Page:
where X jt stands for variables capturing capital intensity, competition, average firm size or firm-level agreement coverage.
Finally, we combine all the explanatory variables into a single model along the following lines:
where K/L is the capital-labour ratio, profit elasticity is our preferred measure of competition and firm-level agr. coverage stands for the percentage of blue-collar workers covered by firm-level collective agreements.

Since our dependent variable can only take values between 0 and 1, its predicted values estimated by OLS could fall outside the unit interval. Papke and Wooldridge (1996) discuss alternative estimation methods for models with a fractional dependent variable and develop the so-called fractional logit model, estimated by the quasi-ML (QML) method. Below, we report the marginal effects evaluated at sample averages of x.

3 Results

3.1 Estimates of downward real wage rigidity

Table 2 presents the average values of DRWR for the sectors and worker categories considered in this paper. The average DRWR across sectors, equal to 0.58, points towards strong downward real wage rigidity in Belgium. By way of comparison, Messina et al. (2010) report estimates of DRWR for Denmark, Spain and Portugal equal to 0.29, 0.37 and 0.22, respectively. Estimates reported in Dickens et al. (2007b) range from below 0.05 for Greece and the United States to 0.52 for Sweden.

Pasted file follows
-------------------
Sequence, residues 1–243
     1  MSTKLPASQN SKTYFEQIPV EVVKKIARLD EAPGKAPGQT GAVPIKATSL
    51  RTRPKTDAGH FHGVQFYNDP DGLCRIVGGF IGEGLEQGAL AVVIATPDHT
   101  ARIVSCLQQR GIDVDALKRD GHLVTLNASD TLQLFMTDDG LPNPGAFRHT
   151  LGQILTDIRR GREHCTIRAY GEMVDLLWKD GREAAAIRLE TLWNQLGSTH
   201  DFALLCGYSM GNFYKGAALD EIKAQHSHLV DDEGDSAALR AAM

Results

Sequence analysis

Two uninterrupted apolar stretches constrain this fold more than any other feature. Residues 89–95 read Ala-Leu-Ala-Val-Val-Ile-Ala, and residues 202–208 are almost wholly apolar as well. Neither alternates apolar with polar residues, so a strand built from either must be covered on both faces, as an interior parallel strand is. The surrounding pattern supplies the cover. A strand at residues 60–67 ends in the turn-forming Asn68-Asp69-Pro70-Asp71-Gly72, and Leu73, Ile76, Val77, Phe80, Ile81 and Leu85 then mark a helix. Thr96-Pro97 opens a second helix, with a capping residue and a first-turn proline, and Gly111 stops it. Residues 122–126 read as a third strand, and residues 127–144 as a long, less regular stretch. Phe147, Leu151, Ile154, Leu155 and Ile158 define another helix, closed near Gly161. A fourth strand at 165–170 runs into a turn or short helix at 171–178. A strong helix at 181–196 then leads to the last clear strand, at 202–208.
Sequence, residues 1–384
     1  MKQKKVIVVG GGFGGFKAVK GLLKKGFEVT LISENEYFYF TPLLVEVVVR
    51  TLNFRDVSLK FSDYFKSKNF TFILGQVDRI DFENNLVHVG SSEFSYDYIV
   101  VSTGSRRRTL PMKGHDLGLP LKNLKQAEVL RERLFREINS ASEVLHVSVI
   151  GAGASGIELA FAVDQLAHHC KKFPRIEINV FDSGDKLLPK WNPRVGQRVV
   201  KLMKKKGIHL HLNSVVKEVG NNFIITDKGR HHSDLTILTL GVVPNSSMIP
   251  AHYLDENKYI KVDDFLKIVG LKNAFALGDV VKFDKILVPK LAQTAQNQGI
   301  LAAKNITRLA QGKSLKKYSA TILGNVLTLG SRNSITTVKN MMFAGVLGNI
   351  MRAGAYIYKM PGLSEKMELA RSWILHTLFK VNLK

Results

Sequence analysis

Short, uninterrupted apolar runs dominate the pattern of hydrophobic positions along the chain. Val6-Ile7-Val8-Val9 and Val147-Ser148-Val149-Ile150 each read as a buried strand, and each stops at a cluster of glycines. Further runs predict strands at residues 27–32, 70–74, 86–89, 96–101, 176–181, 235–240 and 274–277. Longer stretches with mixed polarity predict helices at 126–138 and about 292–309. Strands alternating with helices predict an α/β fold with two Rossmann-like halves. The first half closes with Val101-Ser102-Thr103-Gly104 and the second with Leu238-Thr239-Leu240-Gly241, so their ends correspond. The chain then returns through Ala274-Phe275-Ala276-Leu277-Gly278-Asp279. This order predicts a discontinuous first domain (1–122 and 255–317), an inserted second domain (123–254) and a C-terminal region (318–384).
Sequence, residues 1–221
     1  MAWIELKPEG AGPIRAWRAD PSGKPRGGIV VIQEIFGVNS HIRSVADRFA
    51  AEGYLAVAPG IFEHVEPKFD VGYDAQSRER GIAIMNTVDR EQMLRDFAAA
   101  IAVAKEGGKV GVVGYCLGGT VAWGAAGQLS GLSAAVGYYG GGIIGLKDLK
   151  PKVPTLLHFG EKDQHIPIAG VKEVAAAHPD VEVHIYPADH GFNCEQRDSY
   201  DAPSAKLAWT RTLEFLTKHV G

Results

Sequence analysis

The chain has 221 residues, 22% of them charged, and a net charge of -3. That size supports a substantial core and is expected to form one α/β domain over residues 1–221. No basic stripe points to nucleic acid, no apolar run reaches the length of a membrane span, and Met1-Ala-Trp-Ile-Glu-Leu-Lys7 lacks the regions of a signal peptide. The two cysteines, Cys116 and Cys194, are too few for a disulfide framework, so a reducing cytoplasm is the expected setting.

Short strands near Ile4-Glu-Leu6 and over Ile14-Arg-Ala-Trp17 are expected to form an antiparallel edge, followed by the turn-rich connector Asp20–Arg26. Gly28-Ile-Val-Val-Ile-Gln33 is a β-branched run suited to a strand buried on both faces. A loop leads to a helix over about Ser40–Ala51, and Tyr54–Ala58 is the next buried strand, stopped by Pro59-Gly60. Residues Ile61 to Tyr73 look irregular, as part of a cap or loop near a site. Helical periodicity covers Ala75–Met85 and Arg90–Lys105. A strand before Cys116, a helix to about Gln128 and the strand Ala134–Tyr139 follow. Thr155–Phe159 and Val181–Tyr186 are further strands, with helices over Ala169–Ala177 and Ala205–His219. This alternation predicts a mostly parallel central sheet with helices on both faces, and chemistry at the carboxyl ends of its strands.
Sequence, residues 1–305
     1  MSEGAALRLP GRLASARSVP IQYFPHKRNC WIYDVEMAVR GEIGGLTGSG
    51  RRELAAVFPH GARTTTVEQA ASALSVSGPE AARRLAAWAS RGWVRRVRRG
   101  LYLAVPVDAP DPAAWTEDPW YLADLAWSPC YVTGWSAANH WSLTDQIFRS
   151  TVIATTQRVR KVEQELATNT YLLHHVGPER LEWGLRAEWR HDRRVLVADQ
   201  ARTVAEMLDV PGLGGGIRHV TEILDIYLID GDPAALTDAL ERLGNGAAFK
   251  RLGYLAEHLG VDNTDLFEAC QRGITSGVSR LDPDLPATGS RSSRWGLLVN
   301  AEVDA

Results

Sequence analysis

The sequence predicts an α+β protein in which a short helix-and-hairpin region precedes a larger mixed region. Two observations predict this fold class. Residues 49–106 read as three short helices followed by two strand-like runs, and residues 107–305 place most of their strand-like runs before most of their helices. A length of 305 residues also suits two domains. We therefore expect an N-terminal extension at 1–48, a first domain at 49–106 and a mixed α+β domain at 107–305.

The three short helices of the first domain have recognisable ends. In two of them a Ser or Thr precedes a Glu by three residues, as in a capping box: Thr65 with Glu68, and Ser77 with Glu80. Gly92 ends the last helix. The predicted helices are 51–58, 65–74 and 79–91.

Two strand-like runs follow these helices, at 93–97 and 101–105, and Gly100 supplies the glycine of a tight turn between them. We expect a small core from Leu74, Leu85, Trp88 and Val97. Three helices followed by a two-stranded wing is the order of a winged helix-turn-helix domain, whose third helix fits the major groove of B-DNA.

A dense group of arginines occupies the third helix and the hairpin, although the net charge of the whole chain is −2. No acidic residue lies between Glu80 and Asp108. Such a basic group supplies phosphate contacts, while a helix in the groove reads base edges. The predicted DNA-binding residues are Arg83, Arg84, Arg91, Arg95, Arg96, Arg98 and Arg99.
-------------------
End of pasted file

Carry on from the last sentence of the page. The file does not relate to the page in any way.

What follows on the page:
Table 2

Estimates of DRWR


Average DRWR

St. dev.

Blue-collar workers



White-collar workers



Workers aged 18–24 years



Workers aged 25–44 years



Workers older than 44 years



Food (food products, beverages and tobacco)



Textile (textiles, textile products, leather and footwear)



Wood and paper (wood and products of wood and cork, and pulp, paper, paper products, printing and publishing)



Chemicals (chemical, rubber, plastics and fuel products)



Non-metal (other non-metallic mineral products)



Metal (basic metals and fabricated metal products)



Machinery and equip.



Transport equipment



Other manufacturing (manufacturing n.e.c., recycling)






Trade (wholesale and retail trade, repair)



Hotels and restaurants



Transport and storage



Financial services (financial intermediation)



Business services (real estate, renting and business activities)



Entire sample (av. over sectors)



Notes: DRWR estimated by the IWFP procedure, see Sect. 2. Results for sectors are averaged over years and the entire sample is the average over sectors and years. Results for occupational categories and age categories were obtained as averages from estimates of DRWR varying across occupation, age, sectors and years